Not the American public, according to a study conducted by the National Council on Crime and Delinquency. The findings are summarized as follows:
- A majority of US adults believe that some crimes, for which offenders are currently incarcerated, do not demand time behind bars.
- Eight in ten (77%) adults believe the most appropriate sentence for nonviolent, nonserious offenders* is supervised probation, restitution, community service, and/or rehabilitative services; if an offender fails in these alternatives, then prison or jail may be appropriate.
- Over three-quarters (77%) believe alternatives to incarceration do not decrease public safety.
- More than half (55%) believe alternatives to prison or jail decrease costs to state and local governments.
- US adults more often think alternatives to incarceration are more effective than prison or jail time at reducing recidivism (45% vs. 38%).
- Respondents cited a variety of reasons they believe justify sending fewer people to prison or jail, including expense, overcrowding (danger to guards, danger to inmates), the ability of proven alternatives to reduce crime, and the fairness of the punishment relative to the crime.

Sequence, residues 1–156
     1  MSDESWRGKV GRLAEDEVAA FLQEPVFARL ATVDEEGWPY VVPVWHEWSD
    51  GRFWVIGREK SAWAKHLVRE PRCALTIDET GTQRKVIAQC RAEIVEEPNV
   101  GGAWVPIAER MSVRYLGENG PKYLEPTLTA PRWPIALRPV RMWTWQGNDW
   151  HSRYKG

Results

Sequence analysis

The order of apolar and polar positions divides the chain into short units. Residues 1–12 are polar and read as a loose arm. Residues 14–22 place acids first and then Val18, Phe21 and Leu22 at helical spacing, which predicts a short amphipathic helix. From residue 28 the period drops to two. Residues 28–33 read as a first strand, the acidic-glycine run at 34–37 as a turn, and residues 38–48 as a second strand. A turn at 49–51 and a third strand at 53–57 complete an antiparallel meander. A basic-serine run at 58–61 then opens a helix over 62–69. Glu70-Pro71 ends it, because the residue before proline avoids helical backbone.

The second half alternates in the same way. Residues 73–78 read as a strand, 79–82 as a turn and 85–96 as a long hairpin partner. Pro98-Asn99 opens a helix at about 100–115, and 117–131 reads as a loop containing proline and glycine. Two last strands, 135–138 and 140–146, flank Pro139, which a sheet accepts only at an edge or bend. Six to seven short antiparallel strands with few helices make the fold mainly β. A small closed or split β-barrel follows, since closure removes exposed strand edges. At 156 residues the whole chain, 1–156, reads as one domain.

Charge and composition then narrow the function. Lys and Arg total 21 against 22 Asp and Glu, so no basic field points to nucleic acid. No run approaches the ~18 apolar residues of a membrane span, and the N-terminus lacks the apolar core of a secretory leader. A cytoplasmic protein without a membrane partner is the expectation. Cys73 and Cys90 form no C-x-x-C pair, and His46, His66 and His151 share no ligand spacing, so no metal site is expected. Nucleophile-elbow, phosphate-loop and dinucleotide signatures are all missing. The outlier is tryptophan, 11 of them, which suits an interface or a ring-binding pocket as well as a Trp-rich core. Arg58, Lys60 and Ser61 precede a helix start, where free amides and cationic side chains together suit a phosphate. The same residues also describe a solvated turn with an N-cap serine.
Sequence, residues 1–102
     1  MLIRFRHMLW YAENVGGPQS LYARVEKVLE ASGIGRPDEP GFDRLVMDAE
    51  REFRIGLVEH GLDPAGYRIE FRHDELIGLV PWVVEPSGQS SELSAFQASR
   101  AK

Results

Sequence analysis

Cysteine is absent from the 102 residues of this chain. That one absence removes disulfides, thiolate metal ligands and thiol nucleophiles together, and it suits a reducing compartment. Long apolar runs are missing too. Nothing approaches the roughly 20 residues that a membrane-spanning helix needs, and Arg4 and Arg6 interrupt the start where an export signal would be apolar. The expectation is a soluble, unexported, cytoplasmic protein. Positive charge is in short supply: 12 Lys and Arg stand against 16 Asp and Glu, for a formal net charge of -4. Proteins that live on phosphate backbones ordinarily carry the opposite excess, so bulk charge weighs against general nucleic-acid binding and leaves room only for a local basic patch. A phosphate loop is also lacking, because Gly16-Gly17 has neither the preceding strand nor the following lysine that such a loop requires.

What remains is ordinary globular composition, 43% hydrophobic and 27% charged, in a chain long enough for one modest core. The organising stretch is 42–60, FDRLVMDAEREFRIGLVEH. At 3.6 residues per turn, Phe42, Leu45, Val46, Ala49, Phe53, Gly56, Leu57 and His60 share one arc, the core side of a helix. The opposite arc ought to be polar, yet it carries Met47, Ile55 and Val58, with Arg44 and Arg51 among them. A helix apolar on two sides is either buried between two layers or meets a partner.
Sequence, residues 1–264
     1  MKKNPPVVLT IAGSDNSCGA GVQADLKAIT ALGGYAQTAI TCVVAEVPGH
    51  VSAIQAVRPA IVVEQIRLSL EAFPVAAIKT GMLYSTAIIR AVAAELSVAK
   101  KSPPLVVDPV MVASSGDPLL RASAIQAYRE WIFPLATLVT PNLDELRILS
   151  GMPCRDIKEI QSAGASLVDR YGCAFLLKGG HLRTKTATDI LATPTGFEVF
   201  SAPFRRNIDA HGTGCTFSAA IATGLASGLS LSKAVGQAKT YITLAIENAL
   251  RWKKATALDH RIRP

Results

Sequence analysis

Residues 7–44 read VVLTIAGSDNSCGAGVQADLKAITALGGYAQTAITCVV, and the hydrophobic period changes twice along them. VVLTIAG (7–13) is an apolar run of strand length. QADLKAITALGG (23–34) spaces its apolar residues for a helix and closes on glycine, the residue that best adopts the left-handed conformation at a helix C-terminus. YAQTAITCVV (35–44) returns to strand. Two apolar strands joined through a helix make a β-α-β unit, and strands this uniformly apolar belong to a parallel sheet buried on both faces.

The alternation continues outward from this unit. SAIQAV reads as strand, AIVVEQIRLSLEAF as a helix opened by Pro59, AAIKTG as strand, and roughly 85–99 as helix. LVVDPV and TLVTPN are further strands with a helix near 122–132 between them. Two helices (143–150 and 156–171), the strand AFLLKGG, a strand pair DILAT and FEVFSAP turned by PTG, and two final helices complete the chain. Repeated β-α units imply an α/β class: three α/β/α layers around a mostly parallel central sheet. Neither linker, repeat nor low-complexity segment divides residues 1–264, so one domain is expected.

While the questions emphasized "nonviolent" and "nonsexual" offenders, and are therefore not devoid of bias, they are more specific than questions targeting "offenders" in general, which used to be the modus operandi in public polls and the like. This is very good news, and it proves the point that punitivism has not been our lot simply because "that is what the public wants". We are smarter than that.
The full study can be found here.
For a review of other studies and trends, arriving at similar conclusion (with more rigorous metrics), see our previous post on the topic.